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Sprint Dinghy - What can you tell me about this?

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So I have two of these, not sure how, as i only bought one, and the other moved in to keep it company.

I'm interested in any information that the wider collective might have on this dinghy design.

At the moment they are a slow burn project for the kids to thrash in the next few years.

Any information appreciated.


Sprint Stern.PNG

Name Plate.PNG

Sprint bow.PNG

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The Sprint was not successful and relatively few were sold.  They first appeared around 1975 or 1976.  There was a Seaspay magazine review at some point in 1976 if I recall.  They were very unstable - getting in over the transom was needed if you capsized in light air.  Avoiding a roll-over when righting the boat in a breeze was a skill to be learned.  The P Class was the place to be.  In the mini-Laser type boat there was competition from the Viking (also unsuccessful) and the Micron (slightly larger - more akin to the Starling in its target market).  The Optimist was new to NZ in those days and there were very few around - all wooden at that point (as were the Ps and Starlings).


I have the following anecdote.  I will not name the individuals - and especially the former owner of the Sprint dinghy in this story.  Let's just say that he went on to have a very successful sailing career and became a household name.  We'll call him "Bob" for no reason whatsoever.

As kids there was a group of us that lived close enough to the water, or stored our boats close enough,  such that even though we were too young to drive, we could launch and sail our boats without "grown-up" help.  So school holidays and summer evenings were filled with sailing.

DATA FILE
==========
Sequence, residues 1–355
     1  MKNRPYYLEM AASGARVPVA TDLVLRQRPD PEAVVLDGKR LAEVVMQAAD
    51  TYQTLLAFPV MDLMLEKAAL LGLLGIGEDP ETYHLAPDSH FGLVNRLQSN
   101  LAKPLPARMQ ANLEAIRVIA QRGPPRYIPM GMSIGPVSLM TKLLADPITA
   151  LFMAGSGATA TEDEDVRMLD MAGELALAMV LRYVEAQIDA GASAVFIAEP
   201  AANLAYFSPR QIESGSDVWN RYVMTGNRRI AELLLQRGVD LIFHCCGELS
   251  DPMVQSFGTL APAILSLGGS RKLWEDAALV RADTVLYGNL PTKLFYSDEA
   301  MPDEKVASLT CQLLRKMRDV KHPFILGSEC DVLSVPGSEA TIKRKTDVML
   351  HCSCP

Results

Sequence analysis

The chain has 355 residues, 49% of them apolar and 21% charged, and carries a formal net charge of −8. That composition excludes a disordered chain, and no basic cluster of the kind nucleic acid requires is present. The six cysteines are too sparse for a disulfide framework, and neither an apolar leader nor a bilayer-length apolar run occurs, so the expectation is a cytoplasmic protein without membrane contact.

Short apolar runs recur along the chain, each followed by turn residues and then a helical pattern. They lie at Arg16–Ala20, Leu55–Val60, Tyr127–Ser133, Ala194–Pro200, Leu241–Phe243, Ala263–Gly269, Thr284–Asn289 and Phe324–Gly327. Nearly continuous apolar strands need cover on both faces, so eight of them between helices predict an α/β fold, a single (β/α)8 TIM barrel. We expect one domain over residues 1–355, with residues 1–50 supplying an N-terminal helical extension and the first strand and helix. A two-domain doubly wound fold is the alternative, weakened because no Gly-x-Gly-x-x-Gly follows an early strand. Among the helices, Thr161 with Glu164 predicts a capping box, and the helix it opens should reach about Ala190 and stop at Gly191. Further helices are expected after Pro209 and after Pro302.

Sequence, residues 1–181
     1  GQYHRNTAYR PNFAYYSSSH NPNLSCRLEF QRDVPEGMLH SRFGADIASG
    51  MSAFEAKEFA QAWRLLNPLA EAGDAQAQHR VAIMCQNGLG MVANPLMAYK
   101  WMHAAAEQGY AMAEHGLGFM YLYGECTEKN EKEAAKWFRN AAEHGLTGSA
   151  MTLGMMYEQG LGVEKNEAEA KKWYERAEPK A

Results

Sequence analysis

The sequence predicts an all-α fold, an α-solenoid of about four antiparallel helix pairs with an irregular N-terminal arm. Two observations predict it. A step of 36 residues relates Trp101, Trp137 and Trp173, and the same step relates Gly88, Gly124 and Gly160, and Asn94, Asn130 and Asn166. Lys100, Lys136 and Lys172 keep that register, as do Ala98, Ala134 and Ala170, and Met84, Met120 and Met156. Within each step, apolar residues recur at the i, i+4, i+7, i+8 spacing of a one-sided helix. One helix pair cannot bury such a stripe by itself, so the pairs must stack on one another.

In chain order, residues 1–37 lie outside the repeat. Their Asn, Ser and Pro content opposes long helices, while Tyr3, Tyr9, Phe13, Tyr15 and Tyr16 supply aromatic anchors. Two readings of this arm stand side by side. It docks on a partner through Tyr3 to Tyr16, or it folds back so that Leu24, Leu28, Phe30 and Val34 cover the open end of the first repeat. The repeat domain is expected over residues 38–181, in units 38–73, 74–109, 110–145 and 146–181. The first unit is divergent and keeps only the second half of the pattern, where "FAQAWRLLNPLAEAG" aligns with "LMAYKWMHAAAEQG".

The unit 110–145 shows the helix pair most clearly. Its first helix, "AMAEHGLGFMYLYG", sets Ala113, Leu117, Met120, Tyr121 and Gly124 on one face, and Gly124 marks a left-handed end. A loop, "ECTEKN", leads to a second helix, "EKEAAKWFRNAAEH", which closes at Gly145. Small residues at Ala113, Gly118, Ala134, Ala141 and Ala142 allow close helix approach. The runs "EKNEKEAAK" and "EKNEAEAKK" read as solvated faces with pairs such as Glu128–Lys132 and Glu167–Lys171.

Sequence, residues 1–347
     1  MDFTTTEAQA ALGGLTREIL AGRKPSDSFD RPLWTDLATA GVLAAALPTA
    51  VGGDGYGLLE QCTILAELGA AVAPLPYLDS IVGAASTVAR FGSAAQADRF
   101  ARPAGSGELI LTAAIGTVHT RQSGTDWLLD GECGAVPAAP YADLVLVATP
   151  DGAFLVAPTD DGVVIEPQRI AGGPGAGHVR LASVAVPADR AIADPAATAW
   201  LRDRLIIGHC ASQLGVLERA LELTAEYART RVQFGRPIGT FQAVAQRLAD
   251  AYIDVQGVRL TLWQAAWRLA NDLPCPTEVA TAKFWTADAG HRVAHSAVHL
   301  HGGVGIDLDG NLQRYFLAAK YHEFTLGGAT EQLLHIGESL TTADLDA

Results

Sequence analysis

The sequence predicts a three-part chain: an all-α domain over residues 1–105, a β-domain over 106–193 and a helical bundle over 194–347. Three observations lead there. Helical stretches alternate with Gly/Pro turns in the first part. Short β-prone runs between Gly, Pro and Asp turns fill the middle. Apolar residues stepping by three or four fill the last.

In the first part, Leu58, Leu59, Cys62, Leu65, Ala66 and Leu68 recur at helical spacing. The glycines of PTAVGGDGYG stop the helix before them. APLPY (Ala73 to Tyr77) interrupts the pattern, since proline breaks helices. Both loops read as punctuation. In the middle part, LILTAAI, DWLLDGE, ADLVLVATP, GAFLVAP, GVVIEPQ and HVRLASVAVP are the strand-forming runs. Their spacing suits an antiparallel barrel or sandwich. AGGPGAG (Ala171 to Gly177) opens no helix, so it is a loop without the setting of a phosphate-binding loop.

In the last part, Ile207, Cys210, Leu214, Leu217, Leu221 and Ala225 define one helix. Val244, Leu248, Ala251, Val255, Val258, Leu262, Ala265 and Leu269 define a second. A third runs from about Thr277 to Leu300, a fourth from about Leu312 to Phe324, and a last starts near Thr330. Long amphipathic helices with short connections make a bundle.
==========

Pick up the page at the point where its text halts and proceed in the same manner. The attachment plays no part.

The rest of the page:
Sometimes we would play a game of tag.  The rules were simple:  a boundary was set within some convenient mooring buoys (usually with boats hanging off them - I don't remember ever damaging them).  You had to stay within the boundary or you were "it".  If you capsized you were "it".  The person who was "it" could get out of that by forcing somebody to capsize or getting them out of bounds.  Deliberate boat to boat contact was not allowed (we loved out wooden boats!) The way to get somebody to capsize was to sail up to leeward of them and grab their boom - giving it a sharp downward tug as you went by.  You often had to stand up in your own boat to apply sufficient force - so risked capsizing yourself.  We learned great boat handling skills.  

Most of us had Ps or Starlings, and there was the occasional Flying Ant - but "Bob" had a Sprint.  The Sprint was by far the easiest boat to capsize so "Bob" did a lot of swimming (he may refute that).

Kids can be so cruel ;-)


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On 7/04/2020 at 6:32 AM, MuzzaB said:

They were very unstable - getting in over the transom was needed if you capsized in light air.  Avoiding a roll-over when righting the boat in a breeze was a skill to be learned.

I disagree... Easier to sail than a P.  Never had to get in over the transom or had issues avoiding a roll over. I had one to play with early on in my sailing career. Dad loved it when the ""P" mum's and dads got upset about this kid in another sort of boat passing their little Johnny. At that stage I have no doubt that "little Johnny" was the better sailor (a couple of years more experienced)... but the Sprint was faster. 

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I'm not sure I'd agree about the Viking being unsuccessful - there's hundreds of those things laying around the place. Didn't become a racing class, but obviously sold well.

I've never heard of the Sprint before though.

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